Once a vaccine is produced, it undergoes a vigorous safety testing procedure that includes
- Pre-clinical testing—this testing is performed on animals to determine if it is safe and produces the desired immune response.
- Phase 1—a small group of human volunteers receive the vaccine. These volunteers are usually young, healthy adults. This phase helps gauge the safety and the proper dosage.
- Phase 2—a few hundred volunteers are vaccinated in this test phase. These volunteers come from a broader range of the population.
- Phase 3—tens of thousands of volunteers receive the vaccine with many of these living in areas where there are high rates of infection. The purpose of this phase which may take years is to evaluate its effectiveness against infection and identify any potentially dangerous adverse effects.
Upon successful completion of Phase 3, the manufacturer may apply for approval for distribution. Even after approval, regulatory bodies will monitor the population for adverse reactions.
In early November, Pfizer announced that its vaccine could keep 90 percent of those inoculated safe from COVID-19. Out of 40,000 volunteers in the trial, only 94 had gotten infected with COVID-19. The Pfizer vaccine required two shots 60 days apart. Pfizer states that improved immunity begins 28 days after the initial dose, and this efficacy covered all age groups.
The Pfizer vaccine is a mRNA form, one of the first of its kind. Instead of introducing a part of the coronavirus into the patient, the mRNA enters the human cells and begins to produce the desired antibody.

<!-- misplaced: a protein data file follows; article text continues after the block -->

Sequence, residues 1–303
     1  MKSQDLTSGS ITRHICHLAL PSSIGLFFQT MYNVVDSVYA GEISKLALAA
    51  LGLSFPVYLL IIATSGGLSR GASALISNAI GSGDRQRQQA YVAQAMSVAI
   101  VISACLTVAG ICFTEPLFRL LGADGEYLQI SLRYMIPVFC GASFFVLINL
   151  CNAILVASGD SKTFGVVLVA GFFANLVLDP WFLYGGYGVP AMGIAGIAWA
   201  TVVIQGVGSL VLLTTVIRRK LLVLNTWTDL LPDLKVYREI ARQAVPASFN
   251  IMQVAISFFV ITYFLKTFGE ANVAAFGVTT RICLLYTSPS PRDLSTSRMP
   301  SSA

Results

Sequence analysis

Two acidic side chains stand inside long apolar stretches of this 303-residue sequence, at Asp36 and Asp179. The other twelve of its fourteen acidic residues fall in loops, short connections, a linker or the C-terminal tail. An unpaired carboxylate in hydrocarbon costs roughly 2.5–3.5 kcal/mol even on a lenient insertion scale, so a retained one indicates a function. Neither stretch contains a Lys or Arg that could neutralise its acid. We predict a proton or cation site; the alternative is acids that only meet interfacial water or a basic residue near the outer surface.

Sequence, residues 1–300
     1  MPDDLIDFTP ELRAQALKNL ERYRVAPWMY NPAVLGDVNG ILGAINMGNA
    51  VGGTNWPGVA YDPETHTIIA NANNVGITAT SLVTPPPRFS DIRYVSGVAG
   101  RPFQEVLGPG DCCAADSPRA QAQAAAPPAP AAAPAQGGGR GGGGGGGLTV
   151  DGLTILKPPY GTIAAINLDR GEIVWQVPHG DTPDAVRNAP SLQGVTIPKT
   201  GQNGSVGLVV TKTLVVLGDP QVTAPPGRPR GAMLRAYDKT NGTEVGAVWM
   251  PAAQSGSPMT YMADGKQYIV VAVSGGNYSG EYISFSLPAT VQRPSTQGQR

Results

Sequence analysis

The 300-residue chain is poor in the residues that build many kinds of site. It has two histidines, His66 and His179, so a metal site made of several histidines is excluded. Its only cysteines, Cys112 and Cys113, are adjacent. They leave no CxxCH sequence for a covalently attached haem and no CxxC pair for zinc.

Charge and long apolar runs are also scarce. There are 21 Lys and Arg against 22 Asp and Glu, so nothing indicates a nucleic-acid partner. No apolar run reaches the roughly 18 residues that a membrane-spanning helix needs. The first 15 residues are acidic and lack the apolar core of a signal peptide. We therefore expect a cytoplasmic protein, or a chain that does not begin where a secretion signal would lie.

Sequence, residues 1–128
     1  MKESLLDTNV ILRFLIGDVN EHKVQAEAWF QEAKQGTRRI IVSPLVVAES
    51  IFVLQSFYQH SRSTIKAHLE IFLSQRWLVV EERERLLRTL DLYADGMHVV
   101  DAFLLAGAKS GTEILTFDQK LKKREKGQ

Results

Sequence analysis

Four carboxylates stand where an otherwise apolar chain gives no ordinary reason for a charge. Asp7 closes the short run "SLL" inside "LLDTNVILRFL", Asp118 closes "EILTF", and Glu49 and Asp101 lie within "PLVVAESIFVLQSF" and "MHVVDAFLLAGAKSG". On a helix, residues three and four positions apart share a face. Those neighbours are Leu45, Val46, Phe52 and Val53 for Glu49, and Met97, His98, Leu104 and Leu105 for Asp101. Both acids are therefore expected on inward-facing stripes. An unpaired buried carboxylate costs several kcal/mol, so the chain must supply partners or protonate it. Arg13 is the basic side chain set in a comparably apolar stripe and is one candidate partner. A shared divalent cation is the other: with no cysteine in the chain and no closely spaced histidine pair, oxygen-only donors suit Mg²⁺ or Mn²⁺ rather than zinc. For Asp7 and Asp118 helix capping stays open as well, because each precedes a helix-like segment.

There were no major adverse effects found with the Pfizer vaccine. The most common side effects were fatigue and headache. Out of the 40,000 volunteers, only ten severe COVID-19 infections occurred. Nine of these occurred in the placebo group and one in the vaccinated group.
There was also good news coming out of the Oxford and AstraZeneca. Although their vaccine only has a 70 percent efficacy rate, it is much cheaper to produce and easier to transport. Because of the delicacy of some ingredients, the Pfizer vaccine must be kept at 100 degrees below zero. The Oxford/AstraZeneca vaccine can be kept at 36-46 degrees Fahrenheit for up to six months. The Oxford/AstraZeneca vaccine only costs about $3 to $4 per dose, while the Pfizer vaccine costs about $20 per dose.
The lower cost and ease of transport of the Oxford/AstraZeneca vaccine makes it more accessible to poorer nations. Unlike Pfizer which has to create a supply chain that maintains very cold temperatures, the Oxford vaccine can be distributed using existing refrigeration protocols.
In the long run, the Oxford/AstraZeneca vaccine may prove more effective at killing COVID-19 than the more efficacious vaccines. In order to bring this pandemic under control, around 70 percent of the global population must acquire immunity. That means that a more accessible vaccine may be the solution that the world needs to return to normalcy.
Article written by: Dr. Robert Moghim – CEO/Founder Colorado Pain Care